HARD EVIDENCE: Sue Brooks, Scott Einam, Doreen Wright and Paul Smith give evidence at the parliamentary inquiry into voluntary assisted dying.
HARD EVIDENCE: Sue Brooks, Scott Einam, Doreen Wright and Paul Smith give evidence at the parliamentary inquiry into voluntary assisted dying. Blake Antrobus

DYING WITH DIGNITY: Panel hears heart-breaking evidence

FIGHTING back tears, Sue Brooks spoke of her desperate wish to help her father die.

Riddled with health problems, Ms Brooks' 93-year-old father requires constant care, which she provides at her Hervey Bay home.

Apart from being legally blind and deaf, and taking antibiotics for his enlarged prostate, his terrible anxiety meant he had to be sedated to keep him calm, she said.

Ms Brooks said if the law allowed it, she would help her father end his life.

"My wish is that he dies at home, I will not assist him to die as I do not want to go to jail," Ms Brooks said.

"The prospect of jail is the one and only reason that keeps me from planning to actively help my dad to die peacefully.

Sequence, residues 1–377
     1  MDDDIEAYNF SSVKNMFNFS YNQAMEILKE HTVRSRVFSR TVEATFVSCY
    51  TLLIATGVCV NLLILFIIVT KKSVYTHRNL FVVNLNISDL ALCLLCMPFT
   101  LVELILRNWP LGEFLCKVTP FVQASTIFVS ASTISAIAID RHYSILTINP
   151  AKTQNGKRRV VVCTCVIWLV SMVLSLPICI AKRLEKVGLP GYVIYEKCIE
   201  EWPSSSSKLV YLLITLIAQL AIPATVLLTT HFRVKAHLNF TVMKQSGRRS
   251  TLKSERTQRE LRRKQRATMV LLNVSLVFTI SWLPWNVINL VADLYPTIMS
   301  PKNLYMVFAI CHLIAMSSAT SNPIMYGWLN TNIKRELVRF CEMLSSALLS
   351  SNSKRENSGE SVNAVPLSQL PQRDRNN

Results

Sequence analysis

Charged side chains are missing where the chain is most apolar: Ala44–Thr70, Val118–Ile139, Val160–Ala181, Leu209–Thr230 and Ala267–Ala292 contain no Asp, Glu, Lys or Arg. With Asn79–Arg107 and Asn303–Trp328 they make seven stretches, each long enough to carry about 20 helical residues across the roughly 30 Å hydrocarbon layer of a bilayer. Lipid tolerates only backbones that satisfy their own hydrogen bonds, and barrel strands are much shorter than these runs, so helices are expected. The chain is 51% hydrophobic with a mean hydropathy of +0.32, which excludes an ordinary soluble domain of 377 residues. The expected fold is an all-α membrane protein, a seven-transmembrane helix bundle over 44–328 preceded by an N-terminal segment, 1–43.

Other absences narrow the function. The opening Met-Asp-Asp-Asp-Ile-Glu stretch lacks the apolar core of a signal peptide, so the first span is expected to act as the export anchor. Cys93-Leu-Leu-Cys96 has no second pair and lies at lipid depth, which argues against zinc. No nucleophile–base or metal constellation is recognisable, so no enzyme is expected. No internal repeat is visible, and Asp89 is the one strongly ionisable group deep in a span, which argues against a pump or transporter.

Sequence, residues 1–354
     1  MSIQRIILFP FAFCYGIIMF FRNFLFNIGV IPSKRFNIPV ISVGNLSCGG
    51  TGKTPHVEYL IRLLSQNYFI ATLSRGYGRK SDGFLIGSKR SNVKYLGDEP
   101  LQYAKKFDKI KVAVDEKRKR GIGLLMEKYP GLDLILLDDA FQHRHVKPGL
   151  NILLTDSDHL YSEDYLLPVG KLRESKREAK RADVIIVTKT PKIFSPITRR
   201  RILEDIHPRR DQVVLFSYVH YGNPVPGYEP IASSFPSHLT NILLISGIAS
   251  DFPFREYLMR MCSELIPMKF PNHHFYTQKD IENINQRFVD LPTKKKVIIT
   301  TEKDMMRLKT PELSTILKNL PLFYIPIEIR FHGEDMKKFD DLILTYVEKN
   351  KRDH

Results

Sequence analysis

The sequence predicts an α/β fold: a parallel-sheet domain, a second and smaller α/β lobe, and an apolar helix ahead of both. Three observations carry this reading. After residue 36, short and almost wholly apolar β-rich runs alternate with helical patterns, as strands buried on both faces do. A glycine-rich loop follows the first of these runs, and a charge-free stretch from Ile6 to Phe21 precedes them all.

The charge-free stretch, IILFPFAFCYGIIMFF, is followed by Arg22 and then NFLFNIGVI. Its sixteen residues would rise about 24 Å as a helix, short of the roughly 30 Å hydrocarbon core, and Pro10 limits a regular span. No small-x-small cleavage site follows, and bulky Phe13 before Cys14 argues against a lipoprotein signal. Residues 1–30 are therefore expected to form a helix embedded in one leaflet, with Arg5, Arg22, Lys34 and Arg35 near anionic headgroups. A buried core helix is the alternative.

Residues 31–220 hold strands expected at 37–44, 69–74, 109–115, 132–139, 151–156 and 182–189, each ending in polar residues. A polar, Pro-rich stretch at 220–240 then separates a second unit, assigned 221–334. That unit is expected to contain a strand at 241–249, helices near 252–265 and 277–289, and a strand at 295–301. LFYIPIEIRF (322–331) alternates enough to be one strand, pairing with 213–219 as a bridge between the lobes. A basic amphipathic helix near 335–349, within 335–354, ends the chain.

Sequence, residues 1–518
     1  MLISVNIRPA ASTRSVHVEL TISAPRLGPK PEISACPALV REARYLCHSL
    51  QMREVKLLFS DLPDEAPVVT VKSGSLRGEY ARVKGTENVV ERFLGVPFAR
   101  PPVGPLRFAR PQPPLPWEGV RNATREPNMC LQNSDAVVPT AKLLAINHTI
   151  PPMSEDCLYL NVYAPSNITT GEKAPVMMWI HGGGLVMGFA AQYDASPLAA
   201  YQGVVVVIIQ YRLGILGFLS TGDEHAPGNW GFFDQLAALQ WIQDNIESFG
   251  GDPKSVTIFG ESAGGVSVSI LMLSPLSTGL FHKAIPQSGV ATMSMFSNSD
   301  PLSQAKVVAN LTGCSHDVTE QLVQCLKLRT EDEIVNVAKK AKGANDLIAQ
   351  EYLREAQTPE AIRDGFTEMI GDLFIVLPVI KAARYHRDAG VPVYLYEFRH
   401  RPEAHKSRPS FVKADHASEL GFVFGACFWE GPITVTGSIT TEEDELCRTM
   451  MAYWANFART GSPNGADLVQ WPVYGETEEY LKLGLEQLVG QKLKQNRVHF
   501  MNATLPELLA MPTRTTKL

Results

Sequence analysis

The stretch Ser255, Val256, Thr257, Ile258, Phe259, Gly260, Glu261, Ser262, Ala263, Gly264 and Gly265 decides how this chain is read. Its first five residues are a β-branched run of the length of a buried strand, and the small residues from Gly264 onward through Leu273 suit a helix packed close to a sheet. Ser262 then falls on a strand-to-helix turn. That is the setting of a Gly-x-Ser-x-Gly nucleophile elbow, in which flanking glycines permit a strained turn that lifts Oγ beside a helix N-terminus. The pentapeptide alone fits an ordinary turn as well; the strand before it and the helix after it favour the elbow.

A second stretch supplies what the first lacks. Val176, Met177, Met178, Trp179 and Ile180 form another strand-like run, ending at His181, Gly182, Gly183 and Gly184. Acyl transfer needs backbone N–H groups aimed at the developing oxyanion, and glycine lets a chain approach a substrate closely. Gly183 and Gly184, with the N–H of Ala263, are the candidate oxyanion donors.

"The dad I knew from times past would be horrified if he could see himself now."

Speaking before a packed crowd at Hervey Bay RSL, Ms Brooks was one of several residents who addressed a select panel of Queensland MPs on Monday afternoon.

She was giving evidence as part of a state-wide inquiry into voluntary assisted dying in Queensland.

Ms Brooks said her parents told her through their lives if they could not feed or care for themselves, they didn't want to live any more.

"With dad, I'm watching him every single day, it's not time for him to die now, but it will soon be," she said.

"A triage (at hospital) does not accommodate for a man with no short-term memory and advanced dementia, who needs to go to the toilet every five minutes."

Fellow panellist Scott Einam detailed how he lost his wife at 47 to motor neurone disease.

He told the panel in the last year of her life, he "listened to her every night asking if she could die".

"I wish I could have helped her... she died with no dignity, lots of shame and embarrassment," he said.

"That's not a way to die, not when you're 47 and your mind is 100 per cent."

Paul Smith, who lost his son to an aggressive cancer in March this year, said he thought it was "absolute nonsense" for palliative care doctors to suggest no-one was suffering in care.

"My son, even post-mortem, his muscles were still activating in pain," Mr Smith said.

The inquiry, today being held in Rockhampton, continues.

If you or somebody you know needs assistance phone Lifeline on 131114.



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